There are very few places in the country where you will you see women street vendors carrying on with their work till 2 a.m. in the night. During festivals, certain hawker markets are open virtually all night.  On CG Road I photographed a young teenage girl pushing her vendor cart back home at 1.30 am along with her younger brother.

 

Teenage sisters from Bapunagar selling sugarcane at Manek Chowk at 1:30am

Since there is a heavy footfall of customers to these eateries till late in the night – one finds street vendors, including women vendors, selling various items of daily use, especially fruits and vegetables till as late as the customers last. I was surprised to find very young women as well as school girls – carry on with their business along with other family members till very late hours.  For example on the night of 12th January, three teenage sisters from Bapunagar selling fruit and sugar cane told me they were going to be there all night since the next day was Makar Sankrant – a major festival.  Therefore, they would have good business all night.

Even in elite commercial areas in addition to middle and upper middle class families, one saw plenty of lower middle class Hindu as well as Muslim families come out for late night snacks or dinner.  For example, at 1.30 am I saw a Muslim family having snacks with two women sitting in a hired auto while others of the same group were sitting on the pavement enjoying their snacks.  They were obviously from traditional conservative families because they were wearing burkas but without coving their faces. In the nearby market there were groups of young Muslim women who had come with their husbands for snacks and chai as pillion riders on motorbikes.  They were also in burkas. A little ahead in the neatly paved enclosure of some corporate offices, one saw small children and young girls playing ball and langdi taang. My host family told me such scenes are fairly normal and routine in Ahmedabad.

I talked to several young couples on three consecutive nights. One such group of couples were in their late 20’s or early 30’s. All the men work in private companies. Two of the women were also employed. All four couples live in joint families. But on weekends they routinely meet on CG Road to sit and chat till late into the night. The women told me their in-laws go to bed early but the families have never expressed any anxiety about their staying out till late hours because they feel safe in Ahmedabad.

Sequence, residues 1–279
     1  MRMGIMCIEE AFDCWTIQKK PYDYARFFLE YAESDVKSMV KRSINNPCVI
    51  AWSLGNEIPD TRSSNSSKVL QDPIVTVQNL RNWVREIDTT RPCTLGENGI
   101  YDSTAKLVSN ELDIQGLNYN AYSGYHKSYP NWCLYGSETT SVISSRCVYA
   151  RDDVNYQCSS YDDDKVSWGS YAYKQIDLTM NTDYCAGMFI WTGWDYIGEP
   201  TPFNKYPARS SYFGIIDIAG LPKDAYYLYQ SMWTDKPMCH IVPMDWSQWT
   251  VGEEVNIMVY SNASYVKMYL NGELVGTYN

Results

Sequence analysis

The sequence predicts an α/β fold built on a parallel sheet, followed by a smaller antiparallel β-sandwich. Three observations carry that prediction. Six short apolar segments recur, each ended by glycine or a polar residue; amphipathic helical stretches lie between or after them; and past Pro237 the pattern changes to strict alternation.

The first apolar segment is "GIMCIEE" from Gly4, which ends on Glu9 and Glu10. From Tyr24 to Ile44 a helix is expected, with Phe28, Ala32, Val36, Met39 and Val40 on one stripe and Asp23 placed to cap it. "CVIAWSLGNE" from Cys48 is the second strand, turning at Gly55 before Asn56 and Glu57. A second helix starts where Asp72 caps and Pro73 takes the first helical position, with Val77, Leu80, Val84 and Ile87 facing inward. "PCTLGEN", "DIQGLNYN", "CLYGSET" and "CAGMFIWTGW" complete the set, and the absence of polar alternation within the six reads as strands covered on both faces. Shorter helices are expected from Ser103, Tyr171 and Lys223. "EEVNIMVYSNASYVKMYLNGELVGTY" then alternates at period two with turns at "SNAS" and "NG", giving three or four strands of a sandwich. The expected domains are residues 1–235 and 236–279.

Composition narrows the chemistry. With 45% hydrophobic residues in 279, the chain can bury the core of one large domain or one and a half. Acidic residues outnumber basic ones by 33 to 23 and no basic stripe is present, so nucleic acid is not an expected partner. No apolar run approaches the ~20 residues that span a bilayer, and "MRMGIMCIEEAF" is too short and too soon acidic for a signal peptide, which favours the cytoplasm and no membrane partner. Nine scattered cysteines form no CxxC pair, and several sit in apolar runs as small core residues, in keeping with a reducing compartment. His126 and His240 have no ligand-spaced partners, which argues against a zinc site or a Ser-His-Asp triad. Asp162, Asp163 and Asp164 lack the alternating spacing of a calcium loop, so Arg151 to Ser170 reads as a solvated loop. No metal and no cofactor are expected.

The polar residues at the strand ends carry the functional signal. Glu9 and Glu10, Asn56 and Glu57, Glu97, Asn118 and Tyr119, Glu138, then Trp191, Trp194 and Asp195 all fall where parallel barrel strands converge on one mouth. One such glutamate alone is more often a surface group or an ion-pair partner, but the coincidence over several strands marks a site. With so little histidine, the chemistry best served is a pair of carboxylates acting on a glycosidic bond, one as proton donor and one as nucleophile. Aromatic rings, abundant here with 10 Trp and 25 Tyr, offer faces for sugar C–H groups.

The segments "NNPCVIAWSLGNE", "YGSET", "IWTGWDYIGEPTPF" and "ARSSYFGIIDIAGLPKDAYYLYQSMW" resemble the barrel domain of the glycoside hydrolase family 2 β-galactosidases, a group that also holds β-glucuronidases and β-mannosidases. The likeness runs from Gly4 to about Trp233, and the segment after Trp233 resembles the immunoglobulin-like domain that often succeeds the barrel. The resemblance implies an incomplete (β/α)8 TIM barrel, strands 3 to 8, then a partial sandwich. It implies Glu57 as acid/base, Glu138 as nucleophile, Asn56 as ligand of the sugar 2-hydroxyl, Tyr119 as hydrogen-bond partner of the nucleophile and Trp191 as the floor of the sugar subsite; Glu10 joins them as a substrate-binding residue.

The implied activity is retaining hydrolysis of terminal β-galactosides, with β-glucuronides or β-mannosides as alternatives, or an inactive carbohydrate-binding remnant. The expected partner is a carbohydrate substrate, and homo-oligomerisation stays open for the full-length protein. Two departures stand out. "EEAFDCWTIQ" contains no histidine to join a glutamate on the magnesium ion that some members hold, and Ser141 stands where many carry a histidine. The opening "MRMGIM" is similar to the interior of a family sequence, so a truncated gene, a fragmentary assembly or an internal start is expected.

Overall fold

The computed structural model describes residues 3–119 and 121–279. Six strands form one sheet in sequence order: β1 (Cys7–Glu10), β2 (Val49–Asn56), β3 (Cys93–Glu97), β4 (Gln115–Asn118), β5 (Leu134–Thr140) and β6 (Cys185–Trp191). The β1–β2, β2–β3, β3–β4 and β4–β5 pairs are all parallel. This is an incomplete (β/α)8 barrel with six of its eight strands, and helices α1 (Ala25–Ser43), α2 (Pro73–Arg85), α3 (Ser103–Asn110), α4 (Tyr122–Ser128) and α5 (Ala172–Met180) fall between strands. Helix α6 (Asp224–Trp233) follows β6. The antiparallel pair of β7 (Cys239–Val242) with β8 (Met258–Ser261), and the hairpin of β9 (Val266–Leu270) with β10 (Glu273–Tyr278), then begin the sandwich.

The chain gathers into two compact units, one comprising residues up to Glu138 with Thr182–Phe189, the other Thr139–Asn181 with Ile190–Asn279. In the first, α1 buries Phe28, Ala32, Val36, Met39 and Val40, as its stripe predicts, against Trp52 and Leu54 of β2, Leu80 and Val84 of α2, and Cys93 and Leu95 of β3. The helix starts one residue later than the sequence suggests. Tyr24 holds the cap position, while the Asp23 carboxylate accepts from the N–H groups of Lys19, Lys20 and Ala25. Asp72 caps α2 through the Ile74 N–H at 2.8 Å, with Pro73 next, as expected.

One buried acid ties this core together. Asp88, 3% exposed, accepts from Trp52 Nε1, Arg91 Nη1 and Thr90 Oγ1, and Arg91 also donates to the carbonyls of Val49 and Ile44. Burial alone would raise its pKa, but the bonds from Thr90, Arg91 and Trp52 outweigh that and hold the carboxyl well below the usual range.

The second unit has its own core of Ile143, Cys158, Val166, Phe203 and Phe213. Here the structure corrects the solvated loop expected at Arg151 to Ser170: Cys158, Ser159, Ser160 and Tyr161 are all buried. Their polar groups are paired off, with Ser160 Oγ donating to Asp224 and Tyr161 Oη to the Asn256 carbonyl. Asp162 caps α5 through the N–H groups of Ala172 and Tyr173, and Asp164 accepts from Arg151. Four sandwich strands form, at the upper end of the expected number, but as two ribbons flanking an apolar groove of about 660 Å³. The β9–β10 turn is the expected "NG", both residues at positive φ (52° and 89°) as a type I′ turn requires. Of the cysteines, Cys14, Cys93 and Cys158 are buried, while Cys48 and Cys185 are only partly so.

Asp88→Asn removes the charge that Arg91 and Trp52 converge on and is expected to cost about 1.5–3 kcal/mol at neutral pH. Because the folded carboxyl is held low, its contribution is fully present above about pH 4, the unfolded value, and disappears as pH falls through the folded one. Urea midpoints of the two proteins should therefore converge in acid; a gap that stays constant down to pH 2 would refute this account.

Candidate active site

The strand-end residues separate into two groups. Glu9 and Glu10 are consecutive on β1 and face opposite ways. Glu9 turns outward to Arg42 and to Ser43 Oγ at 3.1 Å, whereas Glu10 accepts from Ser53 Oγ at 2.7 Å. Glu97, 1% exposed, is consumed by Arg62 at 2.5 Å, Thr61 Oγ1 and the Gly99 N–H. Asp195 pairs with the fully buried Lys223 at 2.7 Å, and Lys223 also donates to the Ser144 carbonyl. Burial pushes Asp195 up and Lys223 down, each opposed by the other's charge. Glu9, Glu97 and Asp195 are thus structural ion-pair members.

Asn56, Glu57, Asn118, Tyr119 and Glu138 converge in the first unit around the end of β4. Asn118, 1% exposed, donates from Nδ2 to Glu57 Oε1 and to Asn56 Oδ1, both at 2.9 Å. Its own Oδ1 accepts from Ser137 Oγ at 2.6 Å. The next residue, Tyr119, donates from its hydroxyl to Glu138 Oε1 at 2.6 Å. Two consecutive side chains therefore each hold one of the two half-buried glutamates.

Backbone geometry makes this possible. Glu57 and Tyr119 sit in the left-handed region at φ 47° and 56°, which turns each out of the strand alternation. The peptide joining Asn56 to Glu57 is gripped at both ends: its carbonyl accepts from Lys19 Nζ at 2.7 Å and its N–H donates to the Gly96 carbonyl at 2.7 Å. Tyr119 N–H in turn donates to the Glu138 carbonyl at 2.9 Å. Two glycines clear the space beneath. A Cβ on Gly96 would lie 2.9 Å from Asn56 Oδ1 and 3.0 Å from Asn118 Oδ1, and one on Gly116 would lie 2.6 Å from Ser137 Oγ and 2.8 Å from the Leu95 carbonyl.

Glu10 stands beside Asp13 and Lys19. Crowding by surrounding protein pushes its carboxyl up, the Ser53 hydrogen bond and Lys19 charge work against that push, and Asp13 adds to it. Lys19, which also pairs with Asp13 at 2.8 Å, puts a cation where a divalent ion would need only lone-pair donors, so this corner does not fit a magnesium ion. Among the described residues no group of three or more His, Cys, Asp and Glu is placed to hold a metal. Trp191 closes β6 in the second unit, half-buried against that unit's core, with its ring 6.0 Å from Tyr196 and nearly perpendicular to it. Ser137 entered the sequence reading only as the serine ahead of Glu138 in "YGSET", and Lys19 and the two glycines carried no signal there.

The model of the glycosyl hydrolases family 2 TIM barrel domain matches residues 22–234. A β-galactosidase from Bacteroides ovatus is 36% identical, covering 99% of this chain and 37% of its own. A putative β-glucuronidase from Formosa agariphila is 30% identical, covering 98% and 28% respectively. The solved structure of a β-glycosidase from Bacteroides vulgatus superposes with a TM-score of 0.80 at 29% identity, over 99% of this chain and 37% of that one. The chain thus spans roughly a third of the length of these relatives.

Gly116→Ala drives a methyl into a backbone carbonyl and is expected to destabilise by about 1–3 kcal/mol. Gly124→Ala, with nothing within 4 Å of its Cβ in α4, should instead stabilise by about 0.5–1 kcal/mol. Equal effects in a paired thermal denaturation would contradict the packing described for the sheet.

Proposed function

Young couples unwinding and catching up on the streets of Ahmedabad

On the opposite side of the street were another group of young professionals. Some of them were sitting on the pavement while others were standing near their bikes having kulfi and chatting.  Some among this group were married while some of the men were bachelors. The group consisted of three full time housewives, an owner of an automobile workshop, a software professional, an advocate, a travel agent, a transport agent and a physician. One of them is based in London and had come home for a vacation.  He told me he feels much safer in Ahmedabad than in London. The couples and young people I talked to said that an important reason why rowdy behaviour was rare in Ahmedabad and other cities of Gujarat is the culture of restraint thanks to the official prohibition of liquor sales in Gujarat. Prohibition in Gujarat has been in place for decades in deference to Mahatma Gandhi’s strong belief that liquor saps the physical and moral well-being of society.

Thus far, I have always opposed state imposed prohibition as an authoritarian measure that leads to corruption and emergence of bootlegging mafias. But hearing Gujaratis link social safety to prohibition made me seriously rethink my position.

It is interesting that all the young people I met on the streets of Ahmedabad at night strongly defended prohibition even while each and every one of them admitted that liquor was freely available everywhere in Gujarat. They said people interested in booze know the suppliers just as they would know of their doctors or tailors. One phone call and you can have the brand of your choice home delivered within no time. Many drive down to the Rajasthan border to purchase their supplies. But most people who want a drink get it from a local supplier.

However, by all accounts bootlegging mafias have been substantially curbed in the last 10 years even though cheap desi liquor is readily available even for the poor at a price. The defenders of prohibition include those young people who admitted to having occasional drinks in private parties or small gatherings of friends. Several of these young people have been to Europe and America for long or short periods. Most of them, including women, had the external trapping of westernization — denim jeans, English medium education and so on. 

I found this very puzzling because in most other metros, and state capitals, young people of such a background would consider state imposed prohibition a serious assault on their freedom. Therefore, I had long roadside conversations on this issue with several young and middle aged persons. Their reasoning in favour of prohibition goes as follows:

“People may occasionally drink in parties or even in the privacy of their homes but no one in Gujarat dares indulge in drunken behaviour on streets or in public places due to the official ban on liquor. The police have strict instructions to lock up such people right away; they even publish their photographs in the local newspapers the next day. That acts as the biggest restraining factor. Even when people drink in private parties, or among friends, they do it in moderation so that even their parents often don’t get to know. Absence of drunkards in public places in an important reason why Gujarat is much safer for women.”